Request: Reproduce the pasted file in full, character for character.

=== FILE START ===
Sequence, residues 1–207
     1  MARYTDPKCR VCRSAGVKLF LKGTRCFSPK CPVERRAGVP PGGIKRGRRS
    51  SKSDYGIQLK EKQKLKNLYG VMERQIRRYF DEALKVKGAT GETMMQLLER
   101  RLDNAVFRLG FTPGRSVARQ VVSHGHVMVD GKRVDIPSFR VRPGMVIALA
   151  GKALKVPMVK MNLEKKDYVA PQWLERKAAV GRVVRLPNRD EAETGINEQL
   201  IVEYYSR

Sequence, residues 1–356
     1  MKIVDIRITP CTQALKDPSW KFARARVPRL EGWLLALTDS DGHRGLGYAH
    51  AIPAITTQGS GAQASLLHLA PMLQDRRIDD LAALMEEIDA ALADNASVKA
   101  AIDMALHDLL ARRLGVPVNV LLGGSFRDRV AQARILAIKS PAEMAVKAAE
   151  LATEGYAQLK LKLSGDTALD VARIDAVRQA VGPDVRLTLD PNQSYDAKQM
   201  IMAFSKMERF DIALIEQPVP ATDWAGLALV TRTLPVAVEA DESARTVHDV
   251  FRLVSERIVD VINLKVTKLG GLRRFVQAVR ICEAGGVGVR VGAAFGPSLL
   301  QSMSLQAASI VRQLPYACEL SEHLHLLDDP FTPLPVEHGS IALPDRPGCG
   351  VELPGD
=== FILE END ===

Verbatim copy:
Sequence, residues 1–207
     1  MARYTDPKCR VCRSAGVKLF LKGTRCFSPK CPVERRAGVP PGGIKRGRRS
    51  SKSDYGIQLK EKQKLKNLYG VMERQIRRYF DEALKVKGAT GETMMQLLER
   101  RLDNAVFRLG FTPGRSVARQ VVSHGHVMVD GKRVDIPSFR VRPGMVIALA
   151  GKALKVPMVK MNLEKKDYVA PQWLERKAAV GRVVRLPNRD EAETGINEQL
   201  IVEYYSR

Sequence, residues 1–356
     1  MKIVDIRITP CTQALKDPSW KFARARVPRL EGWLLALTDS DGHRGLGYAH
    51  AIPAITTQGS GAQASLLHLA PMLQDRRIDD LAALMEEIDA ALADNASVKA
   101  AIDMALHDLL ARRLGVPVNV LLGGSFRDRV AQARILAIKS PAEMAVKAAE
   151  LATEGYAQLK LKLSGDTALD VARIDAVRQA VGPDVRLTLD PNQSYDAKQM
   201  IMAFSKMERF DIALIEQPVP ATDWAGLALV TRTLPVAVEA DESARTVHDV
   251  FRLVSERIVD VINLKVTKLG GLRRFVQAVR ICEAGGVGVR VGAAFGPSLL
   301  QSMSLQAASI VRQLPYACEL SEHLHLLDDP FTPLPVEHGS IALPDRPGCG
   351  VELPGD